Quote:
Originally Posted by noorjahan View Post

I am having a hospital birth. I mainly wanted to know because I don't want them to force me a sonogram citing high risk thing.

 

Though don't know what will happen, my 1 hour glucose test came bad, so Monday will have to go for 3 hours. I'm only 17 weeks along, but they are doing it caz diabetes runs in the family! I did ask the nurse if this will mean I'll be high risk, she said no as long as it's under control.


That's what my MW said. Only uncontrolled GD would make one high risk. I'm not sure about Type I or II diabetes. A lot of women "fail" the 1 hour GTT and pass the 3 hour GTT so I wouldn't worry about that too much at this point. Since diabetes runs in your family, have you or do you have your A1C checked regularly? That will give a more clear picture of whether you are pre-diabetic or diabetic.

As has been said, many hospitals and OBs have different criteria for what they consider high risk. It might behoove you to do your own research on anything you may be told would make you high risk. Also, remember that anything the doctors or hospitals tell you is only a recommendation. They cannot force you to have any procedure, test or treatment that you do not want. They may pressure you and use unethical tactics to try to coerce you but they cannot force you.
post #13 of 18

I'm high risk because I have a history of preterm labor (usually starting at 20 weeks), being underweight, previous losses, I have had 4 c-sections, and I have extreme birth defects in my reproductive organs. I don't know if each of these alone would make me high risk, but the combonation does.

 

I agree that the definition of high risk totally depends on who you ask. Even when you are considered high risk, it doesn't always cause major changes in your treatment either.

post #14 of 18
Quote:
Originally Posted by mamacolleen View Post

I haven't seen the Ontario list recently in terms of what things place you in a higher risk category to warrant a consult and possible transfer of care but I believe the things on it are: multiples, baby's position (breech/transverse/etc), age (both much younger and much older), pre-e, GD, history of preterm labour, etc. However, even with some of the high risk categories (multiples and GD for eg), it's not an automatic transfer but may be a consult, making me think that there's an understanding of relative risk. For eg, I believe with GD, a midwife has to consult an OB only, but if the women actually requires insulin, I believe it's an automatic transfer of care to the OB. And I'm pretty sure that midwives are not allowed to take on mum's with Insulin-dependent diabetes.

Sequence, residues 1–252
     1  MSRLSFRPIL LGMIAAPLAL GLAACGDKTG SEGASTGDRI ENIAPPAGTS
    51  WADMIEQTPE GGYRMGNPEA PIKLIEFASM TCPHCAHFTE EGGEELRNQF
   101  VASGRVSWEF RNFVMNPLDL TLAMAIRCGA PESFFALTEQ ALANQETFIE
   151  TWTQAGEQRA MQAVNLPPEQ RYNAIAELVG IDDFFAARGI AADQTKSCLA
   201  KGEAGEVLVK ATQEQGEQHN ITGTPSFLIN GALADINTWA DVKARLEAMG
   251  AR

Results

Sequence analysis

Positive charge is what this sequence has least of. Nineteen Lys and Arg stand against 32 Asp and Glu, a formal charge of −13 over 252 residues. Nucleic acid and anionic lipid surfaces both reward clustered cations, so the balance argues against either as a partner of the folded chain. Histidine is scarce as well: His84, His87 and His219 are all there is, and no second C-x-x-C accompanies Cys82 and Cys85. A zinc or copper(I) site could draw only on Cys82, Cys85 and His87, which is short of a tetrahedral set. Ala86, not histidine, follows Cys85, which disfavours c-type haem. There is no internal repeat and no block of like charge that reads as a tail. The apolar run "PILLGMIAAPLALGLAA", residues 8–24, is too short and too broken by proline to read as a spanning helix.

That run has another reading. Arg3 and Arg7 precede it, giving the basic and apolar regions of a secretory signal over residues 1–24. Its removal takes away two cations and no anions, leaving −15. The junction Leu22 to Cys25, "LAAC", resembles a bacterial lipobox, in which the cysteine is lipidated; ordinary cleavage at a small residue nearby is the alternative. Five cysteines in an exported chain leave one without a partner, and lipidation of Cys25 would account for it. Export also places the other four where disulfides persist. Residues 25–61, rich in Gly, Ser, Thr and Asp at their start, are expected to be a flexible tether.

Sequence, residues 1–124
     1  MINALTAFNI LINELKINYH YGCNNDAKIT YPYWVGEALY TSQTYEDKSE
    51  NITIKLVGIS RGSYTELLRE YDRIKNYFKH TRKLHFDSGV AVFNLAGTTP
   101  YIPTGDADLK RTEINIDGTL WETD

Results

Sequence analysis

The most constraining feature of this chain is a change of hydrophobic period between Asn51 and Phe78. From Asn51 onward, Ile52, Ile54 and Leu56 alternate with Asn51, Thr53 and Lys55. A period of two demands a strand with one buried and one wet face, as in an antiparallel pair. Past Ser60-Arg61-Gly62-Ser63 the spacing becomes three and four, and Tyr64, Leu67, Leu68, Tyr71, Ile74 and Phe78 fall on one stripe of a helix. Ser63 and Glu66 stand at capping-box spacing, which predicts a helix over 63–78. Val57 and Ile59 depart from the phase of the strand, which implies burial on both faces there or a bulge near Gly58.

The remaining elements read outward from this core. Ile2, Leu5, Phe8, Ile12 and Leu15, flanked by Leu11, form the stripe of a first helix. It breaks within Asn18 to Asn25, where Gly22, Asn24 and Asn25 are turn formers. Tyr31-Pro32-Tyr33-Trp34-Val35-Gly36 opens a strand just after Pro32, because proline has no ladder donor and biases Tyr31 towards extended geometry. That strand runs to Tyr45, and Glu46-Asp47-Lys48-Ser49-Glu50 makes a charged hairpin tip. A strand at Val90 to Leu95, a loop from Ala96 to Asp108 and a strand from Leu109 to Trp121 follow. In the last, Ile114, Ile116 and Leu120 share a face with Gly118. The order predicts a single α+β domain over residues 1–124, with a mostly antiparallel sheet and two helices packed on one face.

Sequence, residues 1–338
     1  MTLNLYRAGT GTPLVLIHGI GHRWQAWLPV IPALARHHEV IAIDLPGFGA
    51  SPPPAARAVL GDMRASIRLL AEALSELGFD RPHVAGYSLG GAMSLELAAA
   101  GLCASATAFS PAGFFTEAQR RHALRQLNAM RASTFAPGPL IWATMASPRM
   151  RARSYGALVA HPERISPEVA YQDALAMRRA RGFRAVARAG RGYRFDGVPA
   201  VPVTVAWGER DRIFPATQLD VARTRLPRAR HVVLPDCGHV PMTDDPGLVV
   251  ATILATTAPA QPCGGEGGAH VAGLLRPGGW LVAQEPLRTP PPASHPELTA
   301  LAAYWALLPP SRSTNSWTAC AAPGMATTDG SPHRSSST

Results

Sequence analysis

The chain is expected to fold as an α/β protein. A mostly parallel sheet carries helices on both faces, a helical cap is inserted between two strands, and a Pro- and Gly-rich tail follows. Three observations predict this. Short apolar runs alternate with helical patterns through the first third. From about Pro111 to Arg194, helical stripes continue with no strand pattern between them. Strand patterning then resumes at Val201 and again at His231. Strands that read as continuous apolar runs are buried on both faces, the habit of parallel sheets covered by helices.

If you are interested, the "rules" are here:

http://www.cmo.on.ca/downloads/communications/standards/G04-Indications%20for%20Mandatory%20Discussion%20Consultation%20and%20Transfer%20Jun00.pdf

 

Breech is NOT a transfer of care, however most hospital policies overrule that and lay conditions on midwife privileges.  Neither is twins (I think they only tend to be sticky about twins with a primip).  There are many other things that require a consult, but it's just a "chat" really.  I'm still looking into the ways around avoiding a transfer of care.  It is possible.  A woman can still refuse the mandatory transfer, but there are rules protecting the midwife in these cases.

 

 

In summary, a transfer of care is required for:

History of

 

• any serious medical condition, for example:  cardiac or renal disease with failure or insulin dependent diabetes mellitus
Prenatal:
• cardiac or renal disease with failure
• insulin dependent diabetes
• multiple pregnancy (other than twins)
During labour:
• active genital herpes at time of labour
• preterm labour (less than 34 completed weeks)
• abnormal presentation (other than breech)
• multiple pregnancy (other than twins)
• gestational hypertension with proteinuria and/or adverse sequelae
• prolapsed cord or cord presentation
• placenta abruption and/or previa
• severe hypertension
• confirmed non-reassuring fetal heart patterns, unresponsive to therapy         
• uterine rupture
• uterine inversion
• hemorrhage unresponsive to therapy
• obstetric shock
• vasa previa
 


But this is for transfer of care, not necessarily for "high risk".  However, these are the rules that are used when someone would say they've been "risked out of midwifery care".